Yes, that’s right another Dreamcast game for the list – no complaining back there. Hey, look, it’s not my fault that a signficant proportion of THE BEST GAMES EVER MADE were released on one particular console. (Funnily enough, I was never a big fan of Sega consoles before the Dreamcast came along, but I became a bit of a DC fanboy after I got one. Ah, Dreamcast, you were taken far too young! May you rest in peace in forgotten console heaven…)

In terms of set-up, Skies of Arcadia is pretty much your standard Japanese RPG fare:  a young boy from a small village is summoned by destiny to save the world by fighting random, turn-based battles across strange new lands filled with a multitude of manga-style characters, and so on, and so forth. We’ve been here before (Grandia, Final Fantasy, etc. etc.), but the difference with Skies is the sheer imagination that has been poured into the game world, along with the strong sense of ownership you feel over the characters.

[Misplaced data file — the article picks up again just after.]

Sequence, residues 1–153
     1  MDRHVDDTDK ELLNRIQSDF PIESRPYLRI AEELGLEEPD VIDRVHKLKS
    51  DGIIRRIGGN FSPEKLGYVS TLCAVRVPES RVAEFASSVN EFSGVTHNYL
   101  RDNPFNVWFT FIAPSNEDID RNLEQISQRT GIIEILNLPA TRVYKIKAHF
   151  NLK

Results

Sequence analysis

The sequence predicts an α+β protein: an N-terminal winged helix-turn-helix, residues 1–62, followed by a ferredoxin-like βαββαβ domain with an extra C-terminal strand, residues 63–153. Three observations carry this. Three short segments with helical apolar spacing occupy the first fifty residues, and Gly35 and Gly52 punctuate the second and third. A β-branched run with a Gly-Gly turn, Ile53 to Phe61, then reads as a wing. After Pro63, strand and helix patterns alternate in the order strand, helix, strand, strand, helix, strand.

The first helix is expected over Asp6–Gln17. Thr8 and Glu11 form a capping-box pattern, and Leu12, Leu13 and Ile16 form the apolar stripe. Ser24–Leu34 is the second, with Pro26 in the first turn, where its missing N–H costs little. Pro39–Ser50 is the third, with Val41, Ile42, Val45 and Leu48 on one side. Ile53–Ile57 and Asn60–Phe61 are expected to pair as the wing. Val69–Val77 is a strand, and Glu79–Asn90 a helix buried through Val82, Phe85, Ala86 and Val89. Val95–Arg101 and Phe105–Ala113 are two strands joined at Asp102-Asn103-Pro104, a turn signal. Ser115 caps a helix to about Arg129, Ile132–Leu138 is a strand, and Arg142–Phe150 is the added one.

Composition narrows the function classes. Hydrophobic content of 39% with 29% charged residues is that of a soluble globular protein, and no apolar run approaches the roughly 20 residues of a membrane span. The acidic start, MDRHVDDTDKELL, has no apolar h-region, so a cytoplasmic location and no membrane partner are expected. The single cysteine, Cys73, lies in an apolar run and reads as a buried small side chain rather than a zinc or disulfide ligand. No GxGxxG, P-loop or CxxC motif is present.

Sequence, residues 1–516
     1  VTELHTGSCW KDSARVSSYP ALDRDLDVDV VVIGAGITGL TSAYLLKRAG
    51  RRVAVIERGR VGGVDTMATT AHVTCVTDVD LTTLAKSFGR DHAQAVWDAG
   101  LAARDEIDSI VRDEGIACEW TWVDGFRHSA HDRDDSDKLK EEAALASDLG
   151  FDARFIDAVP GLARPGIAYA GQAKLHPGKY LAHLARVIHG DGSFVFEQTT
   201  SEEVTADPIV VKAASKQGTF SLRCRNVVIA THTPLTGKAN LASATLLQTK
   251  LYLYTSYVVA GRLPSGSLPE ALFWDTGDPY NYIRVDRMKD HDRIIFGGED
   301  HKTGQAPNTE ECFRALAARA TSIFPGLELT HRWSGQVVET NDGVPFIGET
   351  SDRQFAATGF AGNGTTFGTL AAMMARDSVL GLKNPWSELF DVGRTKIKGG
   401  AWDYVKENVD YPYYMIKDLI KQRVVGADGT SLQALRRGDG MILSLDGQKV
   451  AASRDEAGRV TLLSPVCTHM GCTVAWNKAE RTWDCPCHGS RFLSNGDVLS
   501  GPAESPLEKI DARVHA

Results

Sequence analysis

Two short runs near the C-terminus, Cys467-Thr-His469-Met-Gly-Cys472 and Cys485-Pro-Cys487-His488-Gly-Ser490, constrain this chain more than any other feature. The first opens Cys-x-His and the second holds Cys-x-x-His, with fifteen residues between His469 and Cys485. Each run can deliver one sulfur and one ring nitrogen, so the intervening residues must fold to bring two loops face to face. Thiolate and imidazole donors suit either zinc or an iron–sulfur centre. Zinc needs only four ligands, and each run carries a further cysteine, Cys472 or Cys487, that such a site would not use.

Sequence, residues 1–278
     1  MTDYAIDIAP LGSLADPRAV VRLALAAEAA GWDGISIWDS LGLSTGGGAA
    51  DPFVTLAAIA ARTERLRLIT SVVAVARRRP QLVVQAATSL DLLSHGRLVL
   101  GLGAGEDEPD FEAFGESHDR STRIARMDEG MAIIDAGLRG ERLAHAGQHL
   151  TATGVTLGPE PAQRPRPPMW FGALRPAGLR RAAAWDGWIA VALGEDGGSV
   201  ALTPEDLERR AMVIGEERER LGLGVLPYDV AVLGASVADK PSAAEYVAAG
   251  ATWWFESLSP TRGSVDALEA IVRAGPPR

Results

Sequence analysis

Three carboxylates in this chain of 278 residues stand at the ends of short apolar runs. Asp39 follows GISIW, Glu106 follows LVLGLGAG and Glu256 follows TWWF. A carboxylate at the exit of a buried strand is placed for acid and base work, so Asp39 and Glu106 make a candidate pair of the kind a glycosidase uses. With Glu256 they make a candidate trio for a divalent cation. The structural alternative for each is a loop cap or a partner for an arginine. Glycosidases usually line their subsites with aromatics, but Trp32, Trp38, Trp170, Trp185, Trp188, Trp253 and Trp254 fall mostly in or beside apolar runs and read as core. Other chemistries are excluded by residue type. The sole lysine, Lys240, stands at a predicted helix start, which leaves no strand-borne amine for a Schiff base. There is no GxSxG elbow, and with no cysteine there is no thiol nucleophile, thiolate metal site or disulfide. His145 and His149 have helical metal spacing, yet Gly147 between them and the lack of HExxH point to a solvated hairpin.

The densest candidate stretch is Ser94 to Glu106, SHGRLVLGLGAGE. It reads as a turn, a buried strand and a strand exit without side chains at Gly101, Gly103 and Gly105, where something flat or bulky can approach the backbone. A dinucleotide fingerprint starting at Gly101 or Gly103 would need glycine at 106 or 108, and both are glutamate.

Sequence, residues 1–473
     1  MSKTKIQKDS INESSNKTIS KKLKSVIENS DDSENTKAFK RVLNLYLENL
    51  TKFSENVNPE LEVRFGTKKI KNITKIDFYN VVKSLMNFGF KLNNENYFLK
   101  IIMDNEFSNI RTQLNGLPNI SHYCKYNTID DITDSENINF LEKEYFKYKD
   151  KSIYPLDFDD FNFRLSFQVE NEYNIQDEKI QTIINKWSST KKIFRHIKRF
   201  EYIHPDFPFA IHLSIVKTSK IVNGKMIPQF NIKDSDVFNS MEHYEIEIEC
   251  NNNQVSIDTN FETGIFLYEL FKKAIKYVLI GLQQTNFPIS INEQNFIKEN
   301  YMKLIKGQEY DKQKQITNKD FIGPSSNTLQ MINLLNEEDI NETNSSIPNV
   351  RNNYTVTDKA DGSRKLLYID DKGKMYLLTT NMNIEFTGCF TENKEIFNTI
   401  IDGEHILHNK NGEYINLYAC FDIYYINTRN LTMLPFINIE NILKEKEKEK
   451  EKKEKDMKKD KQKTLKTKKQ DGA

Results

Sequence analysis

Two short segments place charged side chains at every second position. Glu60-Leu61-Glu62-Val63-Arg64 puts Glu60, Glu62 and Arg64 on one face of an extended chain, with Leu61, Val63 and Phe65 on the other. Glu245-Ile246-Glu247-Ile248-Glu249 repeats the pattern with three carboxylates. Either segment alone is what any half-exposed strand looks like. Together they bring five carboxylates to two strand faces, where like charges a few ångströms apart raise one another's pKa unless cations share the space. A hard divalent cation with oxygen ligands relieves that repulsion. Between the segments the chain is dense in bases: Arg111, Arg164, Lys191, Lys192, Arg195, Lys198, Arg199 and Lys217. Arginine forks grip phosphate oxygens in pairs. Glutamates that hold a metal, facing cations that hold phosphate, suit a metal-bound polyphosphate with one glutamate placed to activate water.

The game world is composed of a series of floating islands that you navigate between using your trusty flying pirate ship. I couldn’t really find the screenshots to do it justice, but this floating world looks fantastic, and there’s a real sense of wonder as you explore new continents and find hidden treasures. In fact, finding the hidden ‘discoveries’ became such a distraction for me that I regularly abandoned the main plot in favour of locating these hidden gems, which were revealed by vibrations of the joypad.

Then there’s your ship’s crew – as you progress through the game you can recruit more and more members to your crew, each of whom provides some sort of boost when battling an enemy ship. (Incidentally, the ship battles are fantastic, and make for a diverting change from the usual monster battles – see the video below for an example.) The personalities of each of the characters really shine through, and by the end of the game you find yourself becoming quite attached to your motley crew of air pirates.